Andy's 10 Tips for the Traveling Photographer

Filed under "been there, done that, have the wounds and bruises" department. I'm not being paid by any vendors I recommend here, they're mentioned because I use and love their gear or services. - Andy

  1. Practice the fine art of packing. Use a wheeled suitcase or duffel. Duh. I can highly recommend the Spring Peeper by Crumpler, but there are many others that do the job.
  2. Decide on the right camera bag for your trip. This can vary, depending on the trip you're doing and the gear you're planning on carrying. For long trips that I'll need plenty of gear on, I use the Bataflae by Gura Gear. Shorter trips, I have an out-of-production Farmer's Double by Crumpler.  My point here is, you'll need more than one bag depending on your gear and trip. Put non-critical and duplicate gear in your rolling duffel which will be in the belly of the plane - but be sure to carry your camera(s), lenses, batteries, laptop, memory cards with you in your backpack on the plane. Inside your bag, use packing cubes and other little bags to hold all your small stuff. This makes it super easy to keep tabs on everything while you're on the road. I love, use and recommend the Et Cetera cases from Gura Gear. Be mindful of what you stow in your carry-on, airport security has been known to confiscate little screwdrivers for eyeglasses, and other things that you would think are "safe" to take.  No sharps, no liquids in your carry-on. 
  3. Consider the weight of your tripod and ballhead. I have recently switched to using a Really Right Stuff Versa 1-Series tripod, and BH-30 ballhead. This has reduced my weight by over a pound and a half! I've added the RRS spikes to this tripod, and I get maximum stability in a super lightweight and easy-to-carry setup.
  4. Take a critical, hard look at all the gear you carry. I've recently started using Panasonic µ4/3s GH3 as my second body, along with three awesome, lightweight lenses: 14-28, 24-70, and 70-200 equivalents. In fact, I'm taking this exact setup to Italy for two weeks while I enjoy a break from work with my wife in April. All that stuff, and the tripod, fit in a super-small backpack or even messenger bag. Sure, for other trips, I will take more gear. Galapagos is coming up in June for us... I plan on bringing my Nikon D800, and my Panasonic GH3 and lenses. But the only lenses I own for my Nikon are wide angle Zeiss.
  5. Rent gear when you need it. I love the convenience and service from Borrowlenses. For my Galapagos Trip in June, I'm renting a Nikkor 80-400, and also an underwater housing for my D800 and Nikkor 17-35. Why rent? These are things I use only infrequently, and Borrowlenses ships fast and easy, and the prices are amazing. Oh and Muench Workshops friends get a 10% discount, just ask us.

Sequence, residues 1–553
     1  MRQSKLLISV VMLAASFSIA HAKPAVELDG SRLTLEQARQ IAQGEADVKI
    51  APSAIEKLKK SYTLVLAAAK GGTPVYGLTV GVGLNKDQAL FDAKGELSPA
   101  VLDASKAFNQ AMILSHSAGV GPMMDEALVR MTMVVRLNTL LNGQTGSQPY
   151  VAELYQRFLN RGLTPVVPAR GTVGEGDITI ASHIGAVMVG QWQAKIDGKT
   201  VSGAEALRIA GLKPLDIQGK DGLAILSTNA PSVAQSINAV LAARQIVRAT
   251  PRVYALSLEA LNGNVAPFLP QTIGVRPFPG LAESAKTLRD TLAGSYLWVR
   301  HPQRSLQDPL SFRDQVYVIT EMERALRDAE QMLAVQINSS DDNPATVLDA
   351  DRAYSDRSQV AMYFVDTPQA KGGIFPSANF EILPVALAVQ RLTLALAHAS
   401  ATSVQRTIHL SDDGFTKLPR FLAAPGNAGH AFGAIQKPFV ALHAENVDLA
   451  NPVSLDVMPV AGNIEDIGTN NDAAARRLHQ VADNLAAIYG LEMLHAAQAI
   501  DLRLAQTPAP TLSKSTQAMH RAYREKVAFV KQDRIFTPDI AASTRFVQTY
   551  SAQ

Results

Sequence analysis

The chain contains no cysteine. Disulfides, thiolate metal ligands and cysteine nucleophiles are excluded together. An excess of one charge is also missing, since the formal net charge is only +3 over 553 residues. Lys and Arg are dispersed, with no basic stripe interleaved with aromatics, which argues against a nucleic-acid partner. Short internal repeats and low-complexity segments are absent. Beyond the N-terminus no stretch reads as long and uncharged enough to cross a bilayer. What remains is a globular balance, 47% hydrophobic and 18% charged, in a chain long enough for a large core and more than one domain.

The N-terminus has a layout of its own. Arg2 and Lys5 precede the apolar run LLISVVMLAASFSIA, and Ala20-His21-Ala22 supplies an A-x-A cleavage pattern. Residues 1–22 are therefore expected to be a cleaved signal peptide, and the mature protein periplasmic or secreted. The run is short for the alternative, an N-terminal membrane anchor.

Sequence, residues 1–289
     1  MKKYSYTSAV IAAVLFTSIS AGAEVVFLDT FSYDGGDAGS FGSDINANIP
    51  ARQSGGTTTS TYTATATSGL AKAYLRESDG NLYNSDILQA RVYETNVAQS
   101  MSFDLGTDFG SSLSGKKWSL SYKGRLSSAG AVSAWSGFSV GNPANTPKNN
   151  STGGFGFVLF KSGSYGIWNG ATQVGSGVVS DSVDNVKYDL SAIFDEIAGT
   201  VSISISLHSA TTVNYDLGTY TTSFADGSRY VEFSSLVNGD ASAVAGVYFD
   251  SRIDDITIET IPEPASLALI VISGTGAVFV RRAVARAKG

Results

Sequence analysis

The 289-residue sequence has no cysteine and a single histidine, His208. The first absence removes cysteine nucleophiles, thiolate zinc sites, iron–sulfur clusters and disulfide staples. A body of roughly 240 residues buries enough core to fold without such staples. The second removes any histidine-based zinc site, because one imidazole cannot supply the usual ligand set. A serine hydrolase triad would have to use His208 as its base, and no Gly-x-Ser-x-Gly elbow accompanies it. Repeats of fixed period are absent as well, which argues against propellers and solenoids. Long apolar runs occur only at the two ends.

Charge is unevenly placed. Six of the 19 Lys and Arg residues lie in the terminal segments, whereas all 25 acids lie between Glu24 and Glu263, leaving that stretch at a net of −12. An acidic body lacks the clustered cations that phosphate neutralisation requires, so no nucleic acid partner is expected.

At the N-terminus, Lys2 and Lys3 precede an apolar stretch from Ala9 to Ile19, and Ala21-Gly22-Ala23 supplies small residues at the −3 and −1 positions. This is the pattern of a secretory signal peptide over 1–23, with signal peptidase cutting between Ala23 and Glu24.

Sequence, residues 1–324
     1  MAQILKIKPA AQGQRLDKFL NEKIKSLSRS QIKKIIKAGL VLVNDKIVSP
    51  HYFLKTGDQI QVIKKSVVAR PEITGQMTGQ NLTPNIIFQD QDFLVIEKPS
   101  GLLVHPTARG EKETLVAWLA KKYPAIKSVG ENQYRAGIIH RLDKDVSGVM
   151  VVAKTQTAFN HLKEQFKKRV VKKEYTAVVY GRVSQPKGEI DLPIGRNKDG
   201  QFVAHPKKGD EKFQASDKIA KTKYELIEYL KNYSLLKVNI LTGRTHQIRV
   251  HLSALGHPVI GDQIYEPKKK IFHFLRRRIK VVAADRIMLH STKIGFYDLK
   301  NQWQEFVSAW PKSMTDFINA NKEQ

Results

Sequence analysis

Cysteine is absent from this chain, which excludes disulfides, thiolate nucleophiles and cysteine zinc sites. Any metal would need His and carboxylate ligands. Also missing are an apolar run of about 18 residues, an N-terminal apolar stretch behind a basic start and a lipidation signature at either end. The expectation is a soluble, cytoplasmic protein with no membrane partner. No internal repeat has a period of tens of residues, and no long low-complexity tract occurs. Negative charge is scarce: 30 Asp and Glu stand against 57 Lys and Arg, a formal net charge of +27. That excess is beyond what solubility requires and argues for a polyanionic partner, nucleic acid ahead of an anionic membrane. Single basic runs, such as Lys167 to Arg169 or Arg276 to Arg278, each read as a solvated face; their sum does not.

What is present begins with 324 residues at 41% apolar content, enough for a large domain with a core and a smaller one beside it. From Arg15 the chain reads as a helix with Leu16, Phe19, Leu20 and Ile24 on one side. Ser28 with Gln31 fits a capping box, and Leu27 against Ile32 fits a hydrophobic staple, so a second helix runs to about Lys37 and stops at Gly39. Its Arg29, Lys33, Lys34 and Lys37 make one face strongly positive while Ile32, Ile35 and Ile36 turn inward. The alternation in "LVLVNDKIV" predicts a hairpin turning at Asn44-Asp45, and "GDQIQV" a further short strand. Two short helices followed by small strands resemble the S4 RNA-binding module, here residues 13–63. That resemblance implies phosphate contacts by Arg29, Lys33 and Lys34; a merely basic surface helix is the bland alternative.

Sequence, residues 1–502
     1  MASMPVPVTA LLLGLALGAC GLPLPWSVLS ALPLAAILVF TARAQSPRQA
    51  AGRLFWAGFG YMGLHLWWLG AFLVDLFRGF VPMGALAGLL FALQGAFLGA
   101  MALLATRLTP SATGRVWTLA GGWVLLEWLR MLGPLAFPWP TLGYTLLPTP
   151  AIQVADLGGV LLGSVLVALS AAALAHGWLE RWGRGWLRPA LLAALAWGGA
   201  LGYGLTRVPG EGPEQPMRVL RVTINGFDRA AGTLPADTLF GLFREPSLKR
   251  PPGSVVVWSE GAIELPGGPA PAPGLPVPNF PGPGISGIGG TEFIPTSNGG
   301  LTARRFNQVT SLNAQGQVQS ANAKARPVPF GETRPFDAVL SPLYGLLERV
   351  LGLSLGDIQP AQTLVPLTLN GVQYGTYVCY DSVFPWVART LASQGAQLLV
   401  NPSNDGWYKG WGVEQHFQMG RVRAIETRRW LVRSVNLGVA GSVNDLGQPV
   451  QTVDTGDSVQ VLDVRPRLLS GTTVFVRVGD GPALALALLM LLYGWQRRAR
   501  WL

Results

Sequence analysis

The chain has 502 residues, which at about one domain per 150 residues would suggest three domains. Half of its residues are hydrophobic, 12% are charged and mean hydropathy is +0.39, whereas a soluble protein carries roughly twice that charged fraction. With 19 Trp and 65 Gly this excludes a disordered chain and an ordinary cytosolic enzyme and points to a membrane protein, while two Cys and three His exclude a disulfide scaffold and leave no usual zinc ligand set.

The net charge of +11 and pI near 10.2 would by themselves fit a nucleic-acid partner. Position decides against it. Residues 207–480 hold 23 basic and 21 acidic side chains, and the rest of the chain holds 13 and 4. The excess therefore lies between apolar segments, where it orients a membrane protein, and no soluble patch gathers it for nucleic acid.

6. Backup, backup, backup. Did I say backup? Whether you're on the trip of a lifetime to Africa, or a simple weekend in NY or Yosemite, you need to have a backup camera. Don't let a failed camera ruin your photography! Most of you already own a great DSLR. There are great systems out there to back that up, either inexpensive 2nd DSLR bodies or high-end point and shoots, or something from the µ4/3s family. But do bring a 2nd system. Also: spare batteries, plenty of CF/SD cards, and a way to back them up onto secure storage. I do not format cards when I'm on a trip, I keep them, and also back them up to a 500gb external hard drive that attaches to my laptop.
  7. Less is More. You've got to be nimble and quick while traveling and shooting. Make that bag lighter by choosing your gear wisely. Opt for a lightweight tripod setup (see #3), and think long and hard about all of those lenses. Example: for our Galapagos trip in June, I'm bringing only this: Nikon D800 and Zeiss 21 (tripodded landscapes), and  Nikkor 17-35 (for underwater), Nikkor 80-400. I'll shoot with the Panasonic GH3 for anything 14m to 200mm. Super easy to carry this setup for hours, comfortably.
  8. Money, passport, etc. OK yeah you gotta deal with this. I love my very simple Lewis N Clark pouch for all of this stuff. And it offers RFID protection.
  9. Check your mobile phone plan! Using your phone while traveling overseas can be a huge expense. Find out what your provider offers for out-of-country usage, and buy a prepaid data/voice plan. If you have an unlocked phone, then your best bet will be to purchase a SIM card locally (typically at the airport).
  10. If you are a US citizen, consider applying for "Trusted Traveler" status, it costs $100 for 5 years, but will speed you though immigration and customs at many US Airports.
  11. What, you thought I'd stop at 10???  Credit and debit cards. Be sure to call your card company or bank before you leave on a trip - domestic or international. Let them know where you'll be and that you'll likely be using that card, and you'll have no problems.

Enjoy (traveling) photography,

- Andy